“The facility is for triage of patients who will be sent to infectious diseases wards at the hospital,” explains Violante. “It consists of seven modules. One is for admissions, three for temporary hospitalization, one for medical staff, and two for technical rooms and bathrooms. It will remain at the hospital even after the pandemic emergency.”

The company has also delivered modular units for triage at a hospital in Castellana Grotte, in southern Italy.


A crane lifts a Liberty Box module into position.

Other health & hygiene spaces

Many modular companies have quickly built, mobilized, or developed space for health and hygiene purposes. These include testing, screening, handwashing, showering, and disinfecting.


Quick Deployment

WillScot has a large inventory across North America. “We have about 80 million square feet of modular space,” says Scott Junk, Director of Marketing. “About a quarter of it is ready at a moment's notice. Another 50% could probably be ready in a week or 10 days.”

So they’re well placed to help in an emergency. Many of the buildings they’ve deployed are panelized. Panels can be swapped out to customize the buildings for clients. Different sized windows and doors can be put in. And the modules can be placed in different configurations, including stacked.

They’ve deployed space for testing and screening in New York and New Jersey, USA. The General Jewish Hospital in Montreal, Canada is also using some of WillScot’s buildings for assessment and testing of employees before they enter the main hospital buildings and come into contact with patients. The company has also deployed handwashing stations in locations across North America.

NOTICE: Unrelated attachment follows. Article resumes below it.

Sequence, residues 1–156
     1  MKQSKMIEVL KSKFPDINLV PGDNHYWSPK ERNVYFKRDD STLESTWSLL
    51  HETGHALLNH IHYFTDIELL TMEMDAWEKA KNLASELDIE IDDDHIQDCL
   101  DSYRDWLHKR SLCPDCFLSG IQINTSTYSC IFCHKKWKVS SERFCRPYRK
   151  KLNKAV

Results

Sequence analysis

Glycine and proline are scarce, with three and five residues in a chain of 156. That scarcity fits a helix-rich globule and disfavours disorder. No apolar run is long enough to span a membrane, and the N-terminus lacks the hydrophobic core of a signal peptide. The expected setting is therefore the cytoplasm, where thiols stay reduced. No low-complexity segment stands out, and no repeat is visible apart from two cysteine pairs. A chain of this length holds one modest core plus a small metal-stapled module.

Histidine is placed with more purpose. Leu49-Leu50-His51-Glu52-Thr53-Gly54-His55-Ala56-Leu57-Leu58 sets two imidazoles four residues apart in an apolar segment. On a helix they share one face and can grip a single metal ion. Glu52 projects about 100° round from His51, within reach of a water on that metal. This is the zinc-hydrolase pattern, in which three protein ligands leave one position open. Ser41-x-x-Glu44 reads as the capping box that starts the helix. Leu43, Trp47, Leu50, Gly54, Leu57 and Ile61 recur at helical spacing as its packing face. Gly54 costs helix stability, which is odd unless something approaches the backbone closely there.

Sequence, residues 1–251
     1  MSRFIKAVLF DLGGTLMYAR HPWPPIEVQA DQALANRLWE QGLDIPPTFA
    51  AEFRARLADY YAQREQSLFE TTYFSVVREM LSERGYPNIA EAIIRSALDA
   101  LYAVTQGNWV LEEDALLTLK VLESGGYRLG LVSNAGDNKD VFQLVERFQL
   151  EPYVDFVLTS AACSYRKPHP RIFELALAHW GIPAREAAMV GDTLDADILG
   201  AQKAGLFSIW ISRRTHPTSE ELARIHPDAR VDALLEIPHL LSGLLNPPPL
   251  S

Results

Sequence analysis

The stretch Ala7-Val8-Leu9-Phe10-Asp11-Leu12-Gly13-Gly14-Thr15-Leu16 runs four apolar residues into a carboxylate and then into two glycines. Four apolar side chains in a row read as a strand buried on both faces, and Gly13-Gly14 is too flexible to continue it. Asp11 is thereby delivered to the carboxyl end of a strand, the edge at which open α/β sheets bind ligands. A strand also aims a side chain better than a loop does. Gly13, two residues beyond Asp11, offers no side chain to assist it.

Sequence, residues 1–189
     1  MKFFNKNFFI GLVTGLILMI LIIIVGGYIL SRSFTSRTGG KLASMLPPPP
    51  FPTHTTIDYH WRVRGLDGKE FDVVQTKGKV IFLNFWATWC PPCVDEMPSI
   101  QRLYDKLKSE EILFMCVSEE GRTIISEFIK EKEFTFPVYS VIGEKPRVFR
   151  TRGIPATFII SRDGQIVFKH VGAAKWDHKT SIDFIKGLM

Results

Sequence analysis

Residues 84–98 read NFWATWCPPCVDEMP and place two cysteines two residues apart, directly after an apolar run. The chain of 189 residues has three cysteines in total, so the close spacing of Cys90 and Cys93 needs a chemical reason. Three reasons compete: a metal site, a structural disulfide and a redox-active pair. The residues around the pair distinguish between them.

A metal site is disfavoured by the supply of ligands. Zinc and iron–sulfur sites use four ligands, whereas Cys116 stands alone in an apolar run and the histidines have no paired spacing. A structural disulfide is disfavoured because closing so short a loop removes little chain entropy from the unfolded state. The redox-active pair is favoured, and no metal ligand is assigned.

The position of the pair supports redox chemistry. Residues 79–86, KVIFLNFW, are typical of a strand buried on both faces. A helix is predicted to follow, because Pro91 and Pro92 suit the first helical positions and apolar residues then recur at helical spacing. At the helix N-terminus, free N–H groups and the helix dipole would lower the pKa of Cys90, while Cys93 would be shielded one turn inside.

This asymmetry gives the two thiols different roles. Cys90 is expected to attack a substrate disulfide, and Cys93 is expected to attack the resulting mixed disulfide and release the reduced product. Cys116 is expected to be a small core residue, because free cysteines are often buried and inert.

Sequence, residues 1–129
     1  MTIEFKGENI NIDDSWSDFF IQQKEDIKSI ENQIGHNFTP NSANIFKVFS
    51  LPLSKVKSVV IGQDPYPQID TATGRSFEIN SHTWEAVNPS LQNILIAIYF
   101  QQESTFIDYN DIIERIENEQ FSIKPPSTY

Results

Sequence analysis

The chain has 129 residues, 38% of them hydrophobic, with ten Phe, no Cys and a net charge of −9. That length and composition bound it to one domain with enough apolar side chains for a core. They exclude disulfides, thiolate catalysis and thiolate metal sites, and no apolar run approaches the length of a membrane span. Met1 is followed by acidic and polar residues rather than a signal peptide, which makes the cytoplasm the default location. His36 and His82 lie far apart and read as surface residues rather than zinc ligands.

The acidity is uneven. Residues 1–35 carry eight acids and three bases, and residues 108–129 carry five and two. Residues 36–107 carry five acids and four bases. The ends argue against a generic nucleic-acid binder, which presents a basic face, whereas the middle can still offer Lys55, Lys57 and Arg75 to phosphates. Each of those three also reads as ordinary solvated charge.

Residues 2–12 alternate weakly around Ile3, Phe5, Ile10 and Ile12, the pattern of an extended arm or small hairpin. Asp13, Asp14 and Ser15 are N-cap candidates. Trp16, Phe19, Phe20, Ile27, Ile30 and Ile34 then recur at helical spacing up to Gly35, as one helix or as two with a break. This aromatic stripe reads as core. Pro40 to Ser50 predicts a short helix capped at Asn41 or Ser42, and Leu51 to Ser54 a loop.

Testing and Quarantine Spaces

JMO Modular is based in southern Illinois, USA. The President, Joe Helleny, explained that the weather can change quickly in the area. The changeable weather was causing problems for the local hospital system that had been using tents for COVID-19 testing sites.

“They wanted more robust testing locations,” Helleny explains. “So we're placing three containerized offices for their mobile outdoor testing sites. That was a proposal last week, a project next week.”

Speed was also a factor for quarantine space JMO Modular deployed for a veterans’ home in Anna, Illinois.

“The building was already set up like an exam room, so it was perfect,” Helleny says. “They signed a contract within 48 hours and we had it on site and ready to go within two weeks.”


Showers for Medical Staff

Wilmot Modular Structures is based in Maryland, USA. They’ve deployed screening space and handwashing stations, and also built shower space for medical personnel.

Vice President and Chief Operating Officer, Kathy Wilmot, explained that some hospitals in the area are caring for COVID-19 patients in converted convention centers.

“We built some shower containers for these retro-fitted convention centers,” Wilmot says. “At the height of the pandemic, it was hard to find the fixtures, but our purchasing guy worked practically 24/7 to procure everything we needed!”

Supply chains were challenging in other ways too. Once the pandemic hit, some of Wilmot Modular’s existing customers asked to switch their soap dispensers for touchless, motion-detection versions. “But this kind of thing was hard to get!” Wilmot says. “We had to go outside our normal supply chain and find new suppliers. That’s good — because it improves our ability to find materials and parts in the future.”


Pre-Screening Spaces

Canadian company, Horizon North, provided a structure for pre-screening outside a hospital in Ontario. In Western Canada, they’ve also rented out “quite a bit of space for pre-screening in workplaces, such as on construction sites,” says Joseph Kiss, President of Modular Solutions at Horizon North.

As well as providing health and safety spaces for others, the company’s own health and safety practices were scrutinized. “Our Grimsby, Ontario manufacturing facility was third-party inspected for our COVID-19 safe work practices and protocol,” says Kiss. “We came out with flying colors.”